Courtesy Trimble

Sunnyvale, Calif.–based positioning-technology company Trimble grew its presence in the AEC space yesterday when it announced the acquisition of Sefaira, the developer of the cloud-based, building-performance analysis software Sefaira Architecture and Sefaira Systems. The financial terms of the agreement were not disclosed in Trimble’s press release.

According to Sefaira’s announcement by its CEO Mads Jensen, more than 500 architecture and engineering firms in 40 countries use Sefaira’s tools, which are popular for their intuitive and visual user interface, real-time performance, and capabilities that include estimating a project’s energy consumption, water usage, and renewable energy potential, and running daylighting simulations. Plugins introduced for Trimble SketchUp in 2013 and for Autodesk Revit in 2014 allowed users to run performance analyses within their native programs, without having to rebuild or upload their 3D model into a separate modeling space.

In his announcement, Jensen, who co-founded Sefaira in 2009, also writes that “it was natural for us to develop a partnership with Trimble following their acquisition of SketchUp from Google in 2012.” SketchUp, like Sefaira, is known its relatively user-friendly, accessible interface. Users, he continues, can “expect to see even closer integration with SketchUp, alongside our commitment to continued support of Revit.”

In an email to ARCHITECT, Trimble Navigation product management director John Bacus echoes Jensen’s promise that the user experience will remain unchanged. “Trimble has a dependable track record of interoperability and openness across the AEC industry—with SketchUp being a great example. … Sefaira solutions will continue to support, through its Add-In development program, usage within Autodesk’s Revit to the same standard/level that it exists today.”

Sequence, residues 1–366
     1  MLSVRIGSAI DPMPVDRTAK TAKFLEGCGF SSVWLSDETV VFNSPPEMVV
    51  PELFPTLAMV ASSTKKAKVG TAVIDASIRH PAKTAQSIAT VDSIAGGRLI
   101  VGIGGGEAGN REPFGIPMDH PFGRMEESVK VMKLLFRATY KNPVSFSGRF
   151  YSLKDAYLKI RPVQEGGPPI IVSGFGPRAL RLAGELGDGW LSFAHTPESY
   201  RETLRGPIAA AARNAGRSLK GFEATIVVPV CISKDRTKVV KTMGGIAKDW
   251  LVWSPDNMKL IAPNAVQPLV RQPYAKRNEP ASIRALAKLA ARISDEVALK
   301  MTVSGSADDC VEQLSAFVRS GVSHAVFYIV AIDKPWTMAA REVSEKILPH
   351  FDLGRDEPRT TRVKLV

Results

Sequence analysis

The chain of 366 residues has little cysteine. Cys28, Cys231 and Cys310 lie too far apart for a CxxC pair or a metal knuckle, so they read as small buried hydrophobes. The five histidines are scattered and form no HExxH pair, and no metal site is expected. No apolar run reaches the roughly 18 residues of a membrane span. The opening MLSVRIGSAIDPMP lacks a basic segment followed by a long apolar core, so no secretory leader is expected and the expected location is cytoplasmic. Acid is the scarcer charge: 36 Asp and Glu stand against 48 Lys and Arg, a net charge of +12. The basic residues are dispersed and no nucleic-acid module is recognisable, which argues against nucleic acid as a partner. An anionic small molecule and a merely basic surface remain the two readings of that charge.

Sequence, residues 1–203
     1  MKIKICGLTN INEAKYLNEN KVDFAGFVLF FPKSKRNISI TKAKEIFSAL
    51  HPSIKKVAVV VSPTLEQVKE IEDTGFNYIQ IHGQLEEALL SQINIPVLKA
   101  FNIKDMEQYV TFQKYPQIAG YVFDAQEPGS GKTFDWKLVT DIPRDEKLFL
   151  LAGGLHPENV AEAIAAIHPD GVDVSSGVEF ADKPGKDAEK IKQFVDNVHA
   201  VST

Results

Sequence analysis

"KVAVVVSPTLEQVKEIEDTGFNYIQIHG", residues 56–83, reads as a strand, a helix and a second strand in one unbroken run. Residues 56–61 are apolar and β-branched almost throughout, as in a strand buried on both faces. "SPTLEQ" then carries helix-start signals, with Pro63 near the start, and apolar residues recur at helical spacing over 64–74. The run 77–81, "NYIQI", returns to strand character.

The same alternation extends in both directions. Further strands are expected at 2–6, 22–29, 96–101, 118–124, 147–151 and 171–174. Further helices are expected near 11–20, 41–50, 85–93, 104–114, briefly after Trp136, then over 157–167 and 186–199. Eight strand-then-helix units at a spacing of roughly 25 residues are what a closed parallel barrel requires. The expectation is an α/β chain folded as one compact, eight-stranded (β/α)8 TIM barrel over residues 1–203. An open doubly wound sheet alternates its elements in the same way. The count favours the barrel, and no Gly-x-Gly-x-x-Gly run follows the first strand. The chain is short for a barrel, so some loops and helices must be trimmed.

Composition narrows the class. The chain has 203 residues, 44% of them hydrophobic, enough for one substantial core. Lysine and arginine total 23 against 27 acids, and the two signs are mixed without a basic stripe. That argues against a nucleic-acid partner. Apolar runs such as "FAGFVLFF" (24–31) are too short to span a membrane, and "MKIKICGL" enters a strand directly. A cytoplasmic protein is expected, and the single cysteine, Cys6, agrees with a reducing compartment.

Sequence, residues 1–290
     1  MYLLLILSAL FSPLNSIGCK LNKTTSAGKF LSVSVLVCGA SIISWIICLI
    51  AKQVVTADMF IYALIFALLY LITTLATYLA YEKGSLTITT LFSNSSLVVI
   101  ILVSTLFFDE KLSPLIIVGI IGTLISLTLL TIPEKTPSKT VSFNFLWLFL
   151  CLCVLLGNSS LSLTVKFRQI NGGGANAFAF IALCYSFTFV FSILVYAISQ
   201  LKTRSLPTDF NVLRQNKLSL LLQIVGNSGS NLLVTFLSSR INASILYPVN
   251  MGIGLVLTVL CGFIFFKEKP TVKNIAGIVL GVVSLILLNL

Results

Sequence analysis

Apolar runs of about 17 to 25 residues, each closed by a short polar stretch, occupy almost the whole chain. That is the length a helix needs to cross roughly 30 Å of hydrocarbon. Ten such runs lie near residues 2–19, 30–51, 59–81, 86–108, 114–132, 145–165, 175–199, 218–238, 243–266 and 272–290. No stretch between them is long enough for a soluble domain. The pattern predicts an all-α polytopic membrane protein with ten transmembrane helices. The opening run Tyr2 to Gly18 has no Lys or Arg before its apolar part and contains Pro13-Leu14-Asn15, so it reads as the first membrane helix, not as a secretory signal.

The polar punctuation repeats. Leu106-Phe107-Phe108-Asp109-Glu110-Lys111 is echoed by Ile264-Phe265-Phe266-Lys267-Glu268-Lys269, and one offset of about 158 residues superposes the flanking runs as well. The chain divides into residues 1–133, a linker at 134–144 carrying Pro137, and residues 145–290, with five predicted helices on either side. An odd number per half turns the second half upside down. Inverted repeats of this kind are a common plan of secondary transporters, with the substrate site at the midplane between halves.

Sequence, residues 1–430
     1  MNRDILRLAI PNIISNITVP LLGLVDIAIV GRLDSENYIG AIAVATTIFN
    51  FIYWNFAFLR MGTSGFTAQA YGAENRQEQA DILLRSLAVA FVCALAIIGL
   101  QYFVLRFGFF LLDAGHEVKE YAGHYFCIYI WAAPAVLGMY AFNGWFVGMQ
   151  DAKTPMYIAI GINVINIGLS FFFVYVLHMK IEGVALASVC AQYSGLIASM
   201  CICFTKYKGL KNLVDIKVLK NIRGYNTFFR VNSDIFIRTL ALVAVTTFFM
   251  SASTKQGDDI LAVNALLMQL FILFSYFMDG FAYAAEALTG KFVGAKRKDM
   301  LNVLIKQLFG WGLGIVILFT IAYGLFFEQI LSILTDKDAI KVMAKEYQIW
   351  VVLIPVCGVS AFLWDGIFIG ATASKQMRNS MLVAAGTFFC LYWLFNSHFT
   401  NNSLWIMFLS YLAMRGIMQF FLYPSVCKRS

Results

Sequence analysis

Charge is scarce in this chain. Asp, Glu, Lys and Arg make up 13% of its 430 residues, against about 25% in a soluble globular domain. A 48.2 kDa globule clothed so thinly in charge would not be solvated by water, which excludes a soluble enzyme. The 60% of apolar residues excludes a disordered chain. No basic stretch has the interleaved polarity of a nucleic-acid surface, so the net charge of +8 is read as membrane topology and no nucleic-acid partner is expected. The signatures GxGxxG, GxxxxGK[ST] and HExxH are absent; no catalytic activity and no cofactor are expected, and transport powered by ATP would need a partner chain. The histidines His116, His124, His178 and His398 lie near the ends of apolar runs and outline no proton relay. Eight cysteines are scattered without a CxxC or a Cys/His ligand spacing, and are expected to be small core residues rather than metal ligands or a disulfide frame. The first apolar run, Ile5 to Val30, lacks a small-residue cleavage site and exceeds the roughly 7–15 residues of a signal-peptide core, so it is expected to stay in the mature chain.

SketchUp and Sefaira users also shouldn’t expect any changes to cost or licensing in the near term. “For the time being, SketchUp, Sefaira, and Trimble MEP are still separate products,” Bacus says. “There are no cross-product entitlements, but we are evaluating ways to deliver the greatest benefit for our customers in the future. More importantly, Sefaira customers should expect to receive the same great level of service they have become accustomed to from an independent Sefaira.”

In the long term, Bacus adds, Trimble plans to increase “the reach and capability of Sefaira’s product line, bringing the performance-driven design ethos they champion into the hands of architects, engineers, and others across the design, build, and operate spectrum.”

Sefaira joins the growing portfolio of design-build-operate solutions that Trimble Buildings, a part of Trimble’s Engineering and Construction segment, has acquired in recent years. Other tools, in addition to SketchUp, include project management platform Trimble Connect, formerly known as GTeam and developed by Gehry Technologies, which Trimble acquired in September 2014. Last year, Trimble announced a strategic alliance with German developer Nemetschek Group to improve interoperability between their software packages.